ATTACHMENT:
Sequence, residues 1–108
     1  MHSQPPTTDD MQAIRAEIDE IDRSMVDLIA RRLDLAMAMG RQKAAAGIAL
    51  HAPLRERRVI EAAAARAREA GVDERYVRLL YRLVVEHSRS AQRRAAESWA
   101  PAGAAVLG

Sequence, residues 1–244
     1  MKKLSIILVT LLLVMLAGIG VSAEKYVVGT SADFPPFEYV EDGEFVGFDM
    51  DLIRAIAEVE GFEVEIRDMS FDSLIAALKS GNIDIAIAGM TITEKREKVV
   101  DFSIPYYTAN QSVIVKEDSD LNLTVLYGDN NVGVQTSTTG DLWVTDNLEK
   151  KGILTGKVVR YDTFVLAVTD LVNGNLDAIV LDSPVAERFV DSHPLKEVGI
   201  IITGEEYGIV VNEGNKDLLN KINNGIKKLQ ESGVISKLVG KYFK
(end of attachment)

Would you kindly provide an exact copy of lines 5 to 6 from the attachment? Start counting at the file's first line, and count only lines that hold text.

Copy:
Sequence, residues 1–244
     1  MKKLSIILVT LLLVMLAGIG VSAEKYVVGT SADFPPFEYV EDGEFVGFDM